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What Units Are Used to Measure Humidity?

hunidity measurement units

Humidity can be a complex topic to understand. Just about everyone knows that it refers to the amount of moisture in the air, but you’re a lot less likely to find someone who understands the different humidity measurement units.

In this article, we’ll go over the five different units that you need to learn, and we’ll explain why relative humidity is the most useful. And you will get to know a really useful indoor humidity monitor.

5 Units Used To Measure Humidity

There are five units of measurement that you’ll want to understand when you start learning about humidity.

Absolute Humidity

absolute humidity

Absolute humidity isn’t typically used. There are just too many variables that affect it, and that makes it practically useless for everything except for a few industry-specific purposes.

However, we will explain it here. Absolute humidity is the measurement of water in its gas state in comparison to a meter of air. Grams are used to measure the water vapor, and the air is measured in cubic meters.

That sounds simple enough, but barometric pressure and other variables drastically impact the air, and that makes it difficult to get useful information from absolute humidity readings. However, absolute humidity can be pinpoint the exact amount of humidity in the air when it is measured properly.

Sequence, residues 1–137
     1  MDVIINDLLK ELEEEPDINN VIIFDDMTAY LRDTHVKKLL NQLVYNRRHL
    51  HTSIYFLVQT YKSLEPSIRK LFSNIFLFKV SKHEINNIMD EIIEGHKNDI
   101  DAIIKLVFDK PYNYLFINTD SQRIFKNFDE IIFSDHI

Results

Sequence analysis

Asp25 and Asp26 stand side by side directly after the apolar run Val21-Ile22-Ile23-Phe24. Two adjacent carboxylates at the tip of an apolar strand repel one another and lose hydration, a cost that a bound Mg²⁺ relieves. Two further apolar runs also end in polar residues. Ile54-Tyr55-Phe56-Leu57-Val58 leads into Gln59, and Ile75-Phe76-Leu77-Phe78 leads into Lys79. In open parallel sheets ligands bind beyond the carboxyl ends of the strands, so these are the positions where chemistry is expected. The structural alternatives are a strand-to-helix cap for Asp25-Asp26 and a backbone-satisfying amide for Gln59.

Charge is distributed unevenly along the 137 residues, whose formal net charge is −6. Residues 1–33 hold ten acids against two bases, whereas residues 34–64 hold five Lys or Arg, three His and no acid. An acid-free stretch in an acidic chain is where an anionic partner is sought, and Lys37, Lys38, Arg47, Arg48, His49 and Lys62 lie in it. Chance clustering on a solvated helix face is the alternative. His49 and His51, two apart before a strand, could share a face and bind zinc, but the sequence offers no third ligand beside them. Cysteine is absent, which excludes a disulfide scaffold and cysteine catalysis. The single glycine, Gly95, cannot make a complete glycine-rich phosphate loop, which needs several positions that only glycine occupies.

Relative Humidity

Relative humidity is much more useful than absolute humidity. Instead of pinpointing the exact amount of water vapor in the air, the relative humidity unit measures how much water the air can hold over a fairly wide temperature range, and it measures how much moisture is currently in the air.

It’s represented by a percentage. 100-percent represents the air being at its full capacity of moisture, and 0-percent represents air that doesn’t have any moisture in it.

This method of measurement isn’t extremely precise, but it gives you a wider range of measurements, and it allows you to understand exactly how the humidity will change with the weather. If it rains, the humidity percentage will rise, and it will slowly drop as your environment dries out.

Specific Humidity

Specific humidity is a humidity measurement unit that is very similar to absolute humidity, but it’s more useful. Instead of measuring the air in cubic meters, the specific humidity method measures the air in kilograms. Water vapor is still measured in grams.

It’s more useful other methods because it doesn’t account for barometric pressure or temperature. It’s a static measurement that only relies on two variables.

Vapor Pressure

Vapor pressure is another specialized unit of measurement, and it’s not very useful for average people. It doesn’t measure how much water vapor is in the air. Instead, it measures the amount of pressure that is created by whatever amount of water vapor is in the air. In a sense, it’s like a scaled down version of atmospheric pressure.

Dew Point

dewpoint for humidity measurement